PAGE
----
Next-generation tissue expansion method improves neural imaging
The glory of tissue expansion technologies is that when structures, such as proteins that build nerve cell connections, are too small for a microscope to resolve, clever chemistry can make everything bigger and easier to see. But sometimes the chemical bonds involved form right where fluorescent antibody labels must attach to proteins to make them visible. Now a team of MIT researchers has solved the problem, demonstrating vast improvements in imaging the structure of neural connections with standard confocal microscopes.
The upgrade is implemented in "eMAP," a new and improved version of the "magnified analysis of proteome," or MAP, technology introduced in 2016 by the lab of Associate Professor Kwanghun Chung. The "e" stands for epitope-preserving, meaning that the binding sites for fluorescent antibody labels are much less likely to be blocked. In a recent paper in Science Advances, Chung and co-authors show that with eMAP, many proteins at neural connections, or "synapses," can now be imaged when they could not before.
"eMAP preserves the fine-scale molecular architecture of synapses and can facilitate high-throughput analysis of macromolecular assemblies with its exceptional compatibility with the large library of off-the-the-shelf antibodies," report the scientists, including lead authors Joha Park, Sarim Khan and Dae Hee Yun. They work with Chung in his labs spanning The Picower Institute for Learning and Memory, the Institute for Medical Engineering and Science, and MIT's Departments of Chemical Engineering and Brain and Cognitive Sciences (BCS).
Tissue expansion technologies work by infusing an acrylamide mesh into tissues to anchor all the proteins so that when the mesh is expanded, they all expand with it but stay in the same place relative to each other. The technologies typically accomplish that anchoring with chemical bonds of the fixative formaldehyde. The team's key advance with eMAP was reconfiguring the method to dispense with those chemical bonds in favor of weaving the mesh so finely, with more acrylamide, that proteins would just become physically entangled with it. That left the precious epitopes on the proteins more open for bonding by fluorescent antibody labels.
"One of the discoveries that we made is that hydrogel components did not need to be introduced during the perfusion step when formaldehyde was present, as it was in the original realization of MAP, to achieve robust tissue expansion," Yun said.
Park further explained: "By removing formaldehyde before adding the MAP solution, we could prevent the chemical cross-linking between proteins and the hydrogel mesh; we could find an optimal condition that could permanently anchor the biomolecules while allowing antibodies to diffuse very deep inside tissue."
In testing they found that among synaptic proteins, 49 out of 51 antibody labels could now attach with eMAP whereas only 35 could with MAP.
To explore the neuroscientific value of having these new labeling capabilities in expanded tissue, the team joined forces with two BCS labs that study different mammalian synapses—those of Elly Nedivi, William R. (1964) & Linda R. Young Professor of Neuroscience, and Guoping Feng, James W. (1963) and Patricia T. Poitras Professor.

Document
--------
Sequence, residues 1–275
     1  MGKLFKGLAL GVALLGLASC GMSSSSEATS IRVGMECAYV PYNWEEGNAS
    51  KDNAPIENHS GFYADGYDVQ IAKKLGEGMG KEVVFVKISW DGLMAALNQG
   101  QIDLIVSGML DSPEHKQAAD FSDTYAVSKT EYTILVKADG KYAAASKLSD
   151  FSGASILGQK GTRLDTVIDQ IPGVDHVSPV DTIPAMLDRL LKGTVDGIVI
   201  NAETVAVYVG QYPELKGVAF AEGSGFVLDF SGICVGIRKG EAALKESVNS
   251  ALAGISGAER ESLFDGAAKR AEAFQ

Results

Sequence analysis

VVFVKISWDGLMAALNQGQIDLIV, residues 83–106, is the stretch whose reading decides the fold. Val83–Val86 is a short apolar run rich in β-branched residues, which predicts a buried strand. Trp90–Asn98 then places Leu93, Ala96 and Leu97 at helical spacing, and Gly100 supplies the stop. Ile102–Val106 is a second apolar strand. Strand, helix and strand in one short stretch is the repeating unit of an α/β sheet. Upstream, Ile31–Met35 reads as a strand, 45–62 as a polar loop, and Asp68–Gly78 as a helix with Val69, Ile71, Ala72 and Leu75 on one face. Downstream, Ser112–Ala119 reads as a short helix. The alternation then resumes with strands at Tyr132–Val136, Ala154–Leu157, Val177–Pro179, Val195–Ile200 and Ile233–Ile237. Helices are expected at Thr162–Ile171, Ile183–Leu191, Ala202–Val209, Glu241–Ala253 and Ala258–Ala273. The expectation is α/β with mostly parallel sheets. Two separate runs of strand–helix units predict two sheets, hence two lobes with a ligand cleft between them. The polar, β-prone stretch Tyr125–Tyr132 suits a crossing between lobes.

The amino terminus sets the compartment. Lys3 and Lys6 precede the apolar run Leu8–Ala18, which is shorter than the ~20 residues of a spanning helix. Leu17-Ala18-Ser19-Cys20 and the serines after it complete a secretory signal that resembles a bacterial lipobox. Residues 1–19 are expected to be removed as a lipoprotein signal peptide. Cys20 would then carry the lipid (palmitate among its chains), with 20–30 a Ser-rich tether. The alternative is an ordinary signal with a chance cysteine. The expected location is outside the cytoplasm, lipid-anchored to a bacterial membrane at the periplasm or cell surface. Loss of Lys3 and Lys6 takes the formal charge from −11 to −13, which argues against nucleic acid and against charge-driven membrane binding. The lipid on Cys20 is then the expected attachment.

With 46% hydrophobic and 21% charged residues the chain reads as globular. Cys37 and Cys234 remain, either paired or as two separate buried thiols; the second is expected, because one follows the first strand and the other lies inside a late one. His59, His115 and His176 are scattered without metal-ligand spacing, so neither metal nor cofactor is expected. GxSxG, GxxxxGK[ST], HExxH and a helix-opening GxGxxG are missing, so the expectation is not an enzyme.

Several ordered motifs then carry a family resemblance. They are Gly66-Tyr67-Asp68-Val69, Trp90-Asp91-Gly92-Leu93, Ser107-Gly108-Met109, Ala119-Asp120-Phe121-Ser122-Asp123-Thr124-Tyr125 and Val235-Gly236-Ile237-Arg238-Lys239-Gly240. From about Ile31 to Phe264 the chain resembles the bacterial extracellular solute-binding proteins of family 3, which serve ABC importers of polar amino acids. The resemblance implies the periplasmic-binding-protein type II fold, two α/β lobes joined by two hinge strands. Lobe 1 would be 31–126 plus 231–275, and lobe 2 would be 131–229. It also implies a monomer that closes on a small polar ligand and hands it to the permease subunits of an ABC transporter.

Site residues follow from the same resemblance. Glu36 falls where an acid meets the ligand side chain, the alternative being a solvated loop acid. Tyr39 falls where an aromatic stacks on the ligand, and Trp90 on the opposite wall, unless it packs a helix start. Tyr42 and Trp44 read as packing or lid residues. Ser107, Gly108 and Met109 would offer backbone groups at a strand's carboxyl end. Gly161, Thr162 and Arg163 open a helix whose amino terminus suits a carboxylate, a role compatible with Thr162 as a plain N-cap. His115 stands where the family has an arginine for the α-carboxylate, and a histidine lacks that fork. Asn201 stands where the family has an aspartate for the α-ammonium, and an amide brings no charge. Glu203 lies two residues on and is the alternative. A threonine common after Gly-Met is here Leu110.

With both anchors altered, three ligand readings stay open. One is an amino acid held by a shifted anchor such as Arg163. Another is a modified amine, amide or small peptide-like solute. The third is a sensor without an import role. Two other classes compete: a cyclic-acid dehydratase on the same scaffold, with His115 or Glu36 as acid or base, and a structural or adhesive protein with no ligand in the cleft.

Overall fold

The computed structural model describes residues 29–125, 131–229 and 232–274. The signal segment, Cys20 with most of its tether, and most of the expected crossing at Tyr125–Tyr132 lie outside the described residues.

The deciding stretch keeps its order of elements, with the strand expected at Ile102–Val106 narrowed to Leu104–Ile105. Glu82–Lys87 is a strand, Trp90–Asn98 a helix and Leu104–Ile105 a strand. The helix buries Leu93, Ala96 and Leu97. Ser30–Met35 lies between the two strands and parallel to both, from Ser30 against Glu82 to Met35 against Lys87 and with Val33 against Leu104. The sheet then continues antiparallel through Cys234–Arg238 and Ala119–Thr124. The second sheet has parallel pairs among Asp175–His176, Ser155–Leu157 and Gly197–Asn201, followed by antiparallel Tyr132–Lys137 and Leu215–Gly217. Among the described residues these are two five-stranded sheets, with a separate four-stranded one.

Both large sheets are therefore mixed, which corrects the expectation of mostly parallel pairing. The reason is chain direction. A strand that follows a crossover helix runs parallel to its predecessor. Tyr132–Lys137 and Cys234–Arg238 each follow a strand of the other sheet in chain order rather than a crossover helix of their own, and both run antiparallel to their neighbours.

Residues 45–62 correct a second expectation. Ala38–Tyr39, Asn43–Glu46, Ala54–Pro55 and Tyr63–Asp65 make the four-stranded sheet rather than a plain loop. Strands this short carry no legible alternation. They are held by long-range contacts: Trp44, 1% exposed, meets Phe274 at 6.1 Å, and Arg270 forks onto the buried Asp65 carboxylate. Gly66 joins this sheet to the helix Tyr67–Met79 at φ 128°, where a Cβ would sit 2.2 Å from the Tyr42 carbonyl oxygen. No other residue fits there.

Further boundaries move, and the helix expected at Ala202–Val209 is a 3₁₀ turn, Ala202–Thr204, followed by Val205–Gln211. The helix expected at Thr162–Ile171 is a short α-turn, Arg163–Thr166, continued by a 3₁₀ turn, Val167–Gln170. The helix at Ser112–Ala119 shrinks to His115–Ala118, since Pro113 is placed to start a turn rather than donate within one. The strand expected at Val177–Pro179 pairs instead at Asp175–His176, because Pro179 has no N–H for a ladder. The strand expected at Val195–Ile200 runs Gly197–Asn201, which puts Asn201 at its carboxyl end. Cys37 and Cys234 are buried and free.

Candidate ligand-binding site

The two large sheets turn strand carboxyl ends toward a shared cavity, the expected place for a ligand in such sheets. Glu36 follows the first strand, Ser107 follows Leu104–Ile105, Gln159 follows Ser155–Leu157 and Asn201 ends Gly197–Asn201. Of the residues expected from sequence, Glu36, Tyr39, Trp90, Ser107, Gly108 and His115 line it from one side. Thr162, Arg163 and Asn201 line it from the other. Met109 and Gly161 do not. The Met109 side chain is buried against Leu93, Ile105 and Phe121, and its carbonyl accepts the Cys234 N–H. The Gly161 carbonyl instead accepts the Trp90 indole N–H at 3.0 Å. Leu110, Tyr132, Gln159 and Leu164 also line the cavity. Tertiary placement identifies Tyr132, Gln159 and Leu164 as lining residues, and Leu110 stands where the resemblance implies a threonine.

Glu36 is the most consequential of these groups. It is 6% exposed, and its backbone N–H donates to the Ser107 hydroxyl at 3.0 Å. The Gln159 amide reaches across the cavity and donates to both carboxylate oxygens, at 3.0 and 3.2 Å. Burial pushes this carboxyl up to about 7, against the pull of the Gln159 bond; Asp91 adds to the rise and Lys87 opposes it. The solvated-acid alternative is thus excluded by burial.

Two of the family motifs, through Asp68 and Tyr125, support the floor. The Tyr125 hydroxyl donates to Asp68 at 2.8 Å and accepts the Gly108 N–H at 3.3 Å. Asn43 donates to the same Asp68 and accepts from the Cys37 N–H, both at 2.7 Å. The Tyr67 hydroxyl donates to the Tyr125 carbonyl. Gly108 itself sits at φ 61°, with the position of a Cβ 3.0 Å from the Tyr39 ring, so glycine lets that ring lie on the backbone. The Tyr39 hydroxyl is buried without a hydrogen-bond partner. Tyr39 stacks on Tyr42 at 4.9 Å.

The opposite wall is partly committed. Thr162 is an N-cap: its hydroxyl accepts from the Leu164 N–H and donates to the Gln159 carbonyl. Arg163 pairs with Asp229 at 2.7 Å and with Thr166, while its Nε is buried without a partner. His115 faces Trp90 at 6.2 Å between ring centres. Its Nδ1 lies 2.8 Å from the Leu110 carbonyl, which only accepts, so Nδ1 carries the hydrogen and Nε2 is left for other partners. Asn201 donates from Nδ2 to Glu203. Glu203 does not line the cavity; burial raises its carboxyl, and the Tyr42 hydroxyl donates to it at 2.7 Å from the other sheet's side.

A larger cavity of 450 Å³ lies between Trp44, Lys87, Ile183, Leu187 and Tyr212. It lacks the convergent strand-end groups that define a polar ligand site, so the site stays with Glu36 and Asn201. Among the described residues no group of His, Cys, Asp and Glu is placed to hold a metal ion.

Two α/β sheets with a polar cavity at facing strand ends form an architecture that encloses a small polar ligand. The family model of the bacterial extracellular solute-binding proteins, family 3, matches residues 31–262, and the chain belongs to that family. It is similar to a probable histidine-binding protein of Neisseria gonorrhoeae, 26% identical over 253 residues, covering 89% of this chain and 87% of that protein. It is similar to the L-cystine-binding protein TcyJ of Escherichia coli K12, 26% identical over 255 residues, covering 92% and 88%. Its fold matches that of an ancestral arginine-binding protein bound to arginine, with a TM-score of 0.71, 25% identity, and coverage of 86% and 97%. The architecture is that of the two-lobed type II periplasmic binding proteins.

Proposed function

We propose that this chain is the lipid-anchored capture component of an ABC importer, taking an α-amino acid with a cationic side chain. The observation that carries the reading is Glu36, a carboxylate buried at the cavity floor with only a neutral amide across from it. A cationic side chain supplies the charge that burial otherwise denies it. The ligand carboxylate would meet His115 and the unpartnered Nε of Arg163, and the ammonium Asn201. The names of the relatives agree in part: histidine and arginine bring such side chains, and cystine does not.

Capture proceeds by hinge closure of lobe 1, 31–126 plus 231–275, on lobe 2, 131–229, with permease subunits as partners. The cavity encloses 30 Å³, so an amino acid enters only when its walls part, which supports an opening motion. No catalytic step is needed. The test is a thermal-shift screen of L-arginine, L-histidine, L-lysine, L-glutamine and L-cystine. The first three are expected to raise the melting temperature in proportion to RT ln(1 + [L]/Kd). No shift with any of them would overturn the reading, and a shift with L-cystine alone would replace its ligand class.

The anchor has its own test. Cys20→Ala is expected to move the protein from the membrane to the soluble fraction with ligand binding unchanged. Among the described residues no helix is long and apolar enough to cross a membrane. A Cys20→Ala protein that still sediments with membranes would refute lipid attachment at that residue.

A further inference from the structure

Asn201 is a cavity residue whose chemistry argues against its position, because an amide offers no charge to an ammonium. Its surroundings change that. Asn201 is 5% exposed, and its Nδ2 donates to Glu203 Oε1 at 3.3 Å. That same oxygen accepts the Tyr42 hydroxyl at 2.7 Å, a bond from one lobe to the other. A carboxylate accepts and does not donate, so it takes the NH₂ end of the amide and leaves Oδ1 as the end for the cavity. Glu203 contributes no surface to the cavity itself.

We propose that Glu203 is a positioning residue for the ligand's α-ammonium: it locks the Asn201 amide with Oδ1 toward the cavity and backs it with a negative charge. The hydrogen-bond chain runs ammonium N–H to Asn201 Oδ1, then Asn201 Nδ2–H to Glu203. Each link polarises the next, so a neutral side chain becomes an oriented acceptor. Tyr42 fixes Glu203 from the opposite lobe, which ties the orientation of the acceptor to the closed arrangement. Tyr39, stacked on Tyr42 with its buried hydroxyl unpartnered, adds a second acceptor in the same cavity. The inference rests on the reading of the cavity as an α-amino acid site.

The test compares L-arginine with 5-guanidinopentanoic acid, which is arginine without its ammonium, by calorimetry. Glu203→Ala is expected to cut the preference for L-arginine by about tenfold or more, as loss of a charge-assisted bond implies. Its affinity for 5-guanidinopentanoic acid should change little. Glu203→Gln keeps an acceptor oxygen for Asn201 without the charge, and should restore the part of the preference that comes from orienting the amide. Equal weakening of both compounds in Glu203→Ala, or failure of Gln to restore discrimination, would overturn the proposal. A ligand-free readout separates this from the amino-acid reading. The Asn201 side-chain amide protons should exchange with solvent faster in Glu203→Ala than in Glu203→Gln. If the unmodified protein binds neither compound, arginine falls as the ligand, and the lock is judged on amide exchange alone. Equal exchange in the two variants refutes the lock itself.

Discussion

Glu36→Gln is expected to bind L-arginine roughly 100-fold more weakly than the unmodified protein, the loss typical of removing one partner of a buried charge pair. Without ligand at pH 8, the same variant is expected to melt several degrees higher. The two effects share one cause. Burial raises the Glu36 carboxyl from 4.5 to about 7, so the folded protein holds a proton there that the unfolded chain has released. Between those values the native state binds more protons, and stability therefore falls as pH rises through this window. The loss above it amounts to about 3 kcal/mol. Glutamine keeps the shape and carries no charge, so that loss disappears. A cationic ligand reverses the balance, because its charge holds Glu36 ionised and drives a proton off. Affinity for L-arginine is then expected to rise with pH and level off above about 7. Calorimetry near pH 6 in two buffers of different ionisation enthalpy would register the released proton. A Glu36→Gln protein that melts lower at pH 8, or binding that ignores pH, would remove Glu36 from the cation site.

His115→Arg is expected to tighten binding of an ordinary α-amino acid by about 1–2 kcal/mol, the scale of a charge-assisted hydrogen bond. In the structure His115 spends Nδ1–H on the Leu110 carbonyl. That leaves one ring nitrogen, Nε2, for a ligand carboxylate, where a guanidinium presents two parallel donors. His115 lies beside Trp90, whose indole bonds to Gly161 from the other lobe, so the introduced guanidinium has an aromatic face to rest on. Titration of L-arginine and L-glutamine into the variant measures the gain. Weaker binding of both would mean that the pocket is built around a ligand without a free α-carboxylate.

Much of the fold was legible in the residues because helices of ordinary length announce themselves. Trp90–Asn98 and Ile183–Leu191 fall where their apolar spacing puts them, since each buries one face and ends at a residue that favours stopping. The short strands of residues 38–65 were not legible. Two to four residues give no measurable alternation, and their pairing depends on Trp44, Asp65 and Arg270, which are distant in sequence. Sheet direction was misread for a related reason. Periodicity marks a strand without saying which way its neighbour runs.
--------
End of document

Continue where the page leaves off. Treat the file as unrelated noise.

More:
The collaborations produced vibrant images, without the need for any amplification, of previously excluded proteins, like Bassoon and Piccolo, or ones that barely showed up before, like Homer1. The images clearly showed exactly how the proteins were arranged within the synapses, enabling measurement of their relative distances from each other, and also their relative abundance.
eMAP also allowed for multiscale imaging of synapses along whole neuronal branches, or dendrites, meaning that it was easy for researchers to not only see inside each metaphorical synapse house but also to zoom out to the whole neighborhood of the entire cell. That's a big advance for researchers, Nedivi said, because studies of how synapses change deep in the brains of live animals use lower-resolution scopes whose images must typically be validated with higher-resolution methods. Traditionally that has been done with electron microscopes.
"I'd rather not use EM, because its so labor intensive and doesn't combine well with labeling," said Nedivi, a member of The Picower Institute and MIT's Departments of Biology and BCS. "Kwanghun's method offers the opportunity to get that same kind of resolution but also to image across a much bigger sample size per cell."
Moreover, the technology allows for multiple rounds of antibody labeling of the same tissue, so scientists can richly label many proteins within the same synapse. Working with Nedivi and Feng's labs, Chung's team demonstrated labeling as many as six different proteins across synapses in two different mammal species, showing how they are all arrayed throughout the structures on both sides of the synapse.
Nedivi and Chung's labs also showed that by labeling components of receptors for the neurotransmitter GABA in inhibitory synapses (so called because they reduce a neuron's likelihood of producing an electrical signal), they could examine whether they differ. Indeed, they found that a little more than half of inhibitory synapses have both components they looked for, but a quarter had neither and some had only one or the other.
"These findings confirm that inhibitory synapses are not homogenous in their molecular content and show that eMAP is a powerful tool for quantitative interrogation of synaptic proteome," the authors wrote.